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    October 2013
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    Can Corporations Be Held Morally Accountable?

    Mark Borkowski

    The question whether a corporation should be legally considered a person is reducible to other questions about whether or not the corporate entity can and should be made the subject of a set of legal rights and duties.

    The particular bundle of rights and duties that accompanies legal personhood varies with the nature of the entity. Both corporations and natural persons are legal persons, but they have different sets of legal rights and duties.

    Temples in Rome and church buildings in the Middle Ages were regarded as the subjects of legal rights. Ancient Greek law and common law have even made objects the subject of legal duties.
    In admiralty, a ship itself becomes the subject of a proceeding in rem and can be found “guilty.” It can be argued that even corporations are reducible to relations between the persons who own stock in them, manage them, and so forth. Thus, calling a legal person a “person” involves a fiction unless the entity possesses “intelligence” and “will.”

    So, can it be said that corporations possess intelligence and will?
    The orthodox position is that the corporation itself is a legal fiction; the humans who make up the corporation may have intelligence and will, but the corporation itself does not.
    But some might argue that the properties of the corporation are not reducible to the properties of the individuals who make up the corporation. Corporations may have “a mind of their own,” at least according to some theorists.

    If it can be argued that corporations can have a mind of their own, then is it possible that they can act morally and be held morally responsible for the actions of their employees? Furthermore, can corporations demand that employees follow a very strict code of conduct to ensure good morality among employees?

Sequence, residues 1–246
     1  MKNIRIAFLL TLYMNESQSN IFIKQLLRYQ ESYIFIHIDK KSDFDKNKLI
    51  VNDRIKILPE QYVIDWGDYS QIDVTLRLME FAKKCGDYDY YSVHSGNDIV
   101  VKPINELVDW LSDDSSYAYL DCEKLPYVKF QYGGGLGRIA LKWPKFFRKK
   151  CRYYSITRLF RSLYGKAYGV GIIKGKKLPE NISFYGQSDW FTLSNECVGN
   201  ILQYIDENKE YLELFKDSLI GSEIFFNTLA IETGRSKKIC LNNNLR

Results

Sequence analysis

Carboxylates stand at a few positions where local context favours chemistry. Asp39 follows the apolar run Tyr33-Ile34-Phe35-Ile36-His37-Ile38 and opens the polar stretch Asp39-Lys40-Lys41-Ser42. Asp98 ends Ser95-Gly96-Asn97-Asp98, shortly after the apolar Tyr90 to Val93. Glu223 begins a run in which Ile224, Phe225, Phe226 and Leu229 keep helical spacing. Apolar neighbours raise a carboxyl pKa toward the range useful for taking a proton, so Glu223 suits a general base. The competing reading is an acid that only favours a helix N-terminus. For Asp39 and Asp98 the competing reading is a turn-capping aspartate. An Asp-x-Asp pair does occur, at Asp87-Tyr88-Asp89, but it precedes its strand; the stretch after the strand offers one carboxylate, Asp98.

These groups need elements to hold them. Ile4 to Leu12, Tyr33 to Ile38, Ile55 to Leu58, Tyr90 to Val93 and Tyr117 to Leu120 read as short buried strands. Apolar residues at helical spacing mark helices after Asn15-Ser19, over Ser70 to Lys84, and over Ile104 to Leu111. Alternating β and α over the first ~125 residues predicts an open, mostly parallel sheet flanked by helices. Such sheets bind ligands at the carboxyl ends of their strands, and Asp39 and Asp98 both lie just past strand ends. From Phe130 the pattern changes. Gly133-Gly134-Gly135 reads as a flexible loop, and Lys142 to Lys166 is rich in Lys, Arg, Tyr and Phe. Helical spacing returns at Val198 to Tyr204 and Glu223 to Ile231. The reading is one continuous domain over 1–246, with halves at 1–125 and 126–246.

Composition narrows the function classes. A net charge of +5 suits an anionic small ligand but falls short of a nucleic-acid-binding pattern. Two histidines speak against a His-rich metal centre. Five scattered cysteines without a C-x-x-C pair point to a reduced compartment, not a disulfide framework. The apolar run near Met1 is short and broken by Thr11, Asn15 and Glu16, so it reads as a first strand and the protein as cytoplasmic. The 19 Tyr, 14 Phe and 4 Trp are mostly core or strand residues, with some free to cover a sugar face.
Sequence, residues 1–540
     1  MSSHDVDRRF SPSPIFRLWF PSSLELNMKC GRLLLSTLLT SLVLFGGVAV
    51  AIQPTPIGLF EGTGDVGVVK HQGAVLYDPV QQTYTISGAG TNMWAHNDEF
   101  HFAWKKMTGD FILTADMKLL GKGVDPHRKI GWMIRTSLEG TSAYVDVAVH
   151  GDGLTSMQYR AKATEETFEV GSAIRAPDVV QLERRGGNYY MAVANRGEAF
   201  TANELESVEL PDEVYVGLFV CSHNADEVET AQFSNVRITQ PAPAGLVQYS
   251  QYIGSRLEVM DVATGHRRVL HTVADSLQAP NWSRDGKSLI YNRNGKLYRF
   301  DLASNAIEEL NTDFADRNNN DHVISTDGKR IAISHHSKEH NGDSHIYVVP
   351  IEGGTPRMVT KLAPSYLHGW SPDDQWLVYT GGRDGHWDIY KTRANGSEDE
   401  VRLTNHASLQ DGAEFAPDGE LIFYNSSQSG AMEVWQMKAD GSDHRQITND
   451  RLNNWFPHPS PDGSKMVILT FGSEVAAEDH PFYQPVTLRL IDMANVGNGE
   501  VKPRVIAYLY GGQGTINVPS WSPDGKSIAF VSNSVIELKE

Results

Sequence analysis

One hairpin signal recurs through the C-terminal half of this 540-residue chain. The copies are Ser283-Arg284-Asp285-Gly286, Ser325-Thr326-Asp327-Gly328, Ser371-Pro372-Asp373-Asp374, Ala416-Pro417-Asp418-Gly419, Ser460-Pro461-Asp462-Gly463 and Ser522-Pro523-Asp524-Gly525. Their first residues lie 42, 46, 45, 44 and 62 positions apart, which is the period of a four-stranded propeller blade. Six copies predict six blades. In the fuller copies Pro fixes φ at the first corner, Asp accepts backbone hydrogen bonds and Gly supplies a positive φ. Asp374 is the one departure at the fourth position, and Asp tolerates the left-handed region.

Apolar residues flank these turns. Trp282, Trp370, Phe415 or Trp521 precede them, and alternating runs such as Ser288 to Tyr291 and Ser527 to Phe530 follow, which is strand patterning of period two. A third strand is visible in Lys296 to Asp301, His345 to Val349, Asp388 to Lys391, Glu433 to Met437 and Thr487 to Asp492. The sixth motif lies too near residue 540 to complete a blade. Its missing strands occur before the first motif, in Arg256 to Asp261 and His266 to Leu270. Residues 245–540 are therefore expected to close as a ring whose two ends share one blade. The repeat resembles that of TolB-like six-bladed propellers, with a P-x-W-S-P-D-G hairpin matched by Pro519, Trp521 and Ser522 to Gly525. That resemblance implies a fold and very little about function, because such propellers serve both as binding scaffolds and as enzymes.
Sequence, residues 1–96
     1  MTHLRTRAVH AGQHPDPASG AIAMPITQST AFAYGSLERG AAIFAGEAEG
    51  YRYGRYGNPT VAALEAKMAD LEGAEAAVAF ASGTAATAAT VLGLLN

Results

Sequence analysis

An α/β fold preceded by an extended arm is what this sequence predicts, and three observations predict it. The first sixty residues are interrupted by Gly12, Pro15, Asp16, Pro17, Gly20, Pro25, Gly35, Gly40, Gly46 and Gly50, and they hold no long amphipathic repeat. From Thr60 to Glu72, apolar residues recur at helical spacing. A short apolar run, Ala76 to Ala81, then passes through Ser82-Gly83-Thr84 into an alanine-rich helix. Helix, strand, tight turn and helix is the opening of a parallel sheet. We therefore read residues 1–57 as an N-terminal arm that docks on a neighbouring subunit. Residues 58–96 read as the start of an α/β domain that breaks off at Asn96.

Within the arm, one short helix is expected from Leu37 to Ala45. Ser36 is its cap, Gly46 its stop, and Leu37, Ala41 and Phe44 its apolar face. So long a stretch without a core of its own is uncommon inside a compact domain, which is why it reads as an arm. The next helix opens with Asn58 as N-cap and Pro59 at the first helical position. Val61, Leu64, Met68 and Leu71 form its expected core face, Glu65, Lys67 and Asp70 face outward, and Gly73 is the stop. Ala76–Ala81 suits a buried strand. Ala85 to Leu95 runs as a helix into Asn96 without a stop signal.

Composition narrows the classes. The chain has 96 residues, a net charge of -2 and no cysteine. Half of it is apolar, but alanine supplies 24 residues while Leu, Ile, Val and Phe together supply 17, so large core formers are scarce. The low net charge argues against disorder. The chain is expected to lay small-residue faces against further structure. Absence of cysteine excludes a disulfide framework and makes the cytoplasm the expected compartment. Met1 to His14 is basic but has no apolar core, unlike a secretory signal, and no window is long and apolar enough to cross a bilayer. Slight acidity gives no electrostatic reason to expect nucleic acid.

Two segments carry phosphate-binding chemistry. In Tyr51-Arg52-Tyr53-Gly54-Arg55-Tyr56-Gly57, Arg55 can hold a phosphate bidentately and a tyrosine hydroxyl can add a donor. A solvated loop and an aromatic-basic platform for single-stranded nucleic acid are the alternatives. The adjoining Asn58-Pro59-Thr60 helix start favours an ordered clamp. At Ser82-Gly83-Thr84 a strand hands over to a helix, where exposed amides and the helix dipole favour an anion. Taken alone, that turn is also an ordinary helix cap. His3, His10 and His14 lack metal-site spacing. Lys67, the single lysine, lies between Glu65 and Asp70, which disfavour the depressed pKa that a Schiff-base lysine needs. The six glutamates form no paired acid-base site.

The emphasis on stricter accountability than is now occurring in the corporate world was an understandable response to some sickening bookkeeping-based scandals. But the notion would never have evolved from a buzzword into the focus of voluminous legislation if governments have not also been lured by the myth of precision: Because accountability suggests that there is a right and a wrong answer to every question, it flourishes where authorities can measure results exactly.

    This stricter accountability whispers two seductive lies to society: Systems go wrong because of individuals; and the right set of controls will enable society to prevent individuals from creating disasters. This type of accountability is a type of superstitious thinking that allows society to live in a state of denial about just how little control individuals have over their environment and actions.

    This notion of accountability assumes perfection–if anything goes wrong, it’s a sign that the system is broken.

    It can be blind to human nature. For example, it assumes that society knows that if corporations are being watched, they will not do wrong, which seriously underestimates multi-faceted human minds and motivations. Big Brother is not the answer.

    It bureaucratizes and atomizes responsibility. While claiming to increase individual responsibility, it drives out human judgment. When a sign-off is required for every step in the workflow, those closest to a process lack the freedom to optimize or rectify it. Similarly, by assuming that an individual’s laxness caused a given problem–if somebody hadn’t been asleep at the switch or hadn’t got greedy or hadn’t assumed that somebody else would clean up the mess–none of this would have happened.

    Finally, this tighter version of accountability tries to squeeze centuries of thought about how to entice people toward good behaviour and dissuade them from bad into simple rules by which individuals can be measured and disciplined. It would react to a car crash by putting stop signs and policemen at every corner.

    Bureaucratizing morality or mechanizing a complex organization gives society the sense that society can exert close control. But grown-ups prefer clarity and realism to happy superstition.

    Mark Borkowski is president of Toronto-based Mercantile Mergers & Acquisitions Corporation. Mercantile specializes in the sale of privately owned companies to strategic and private equity buyers. He can be contacted at (416) 368-8466 ext. 232 or www.mercantilemergersacquisitions.com

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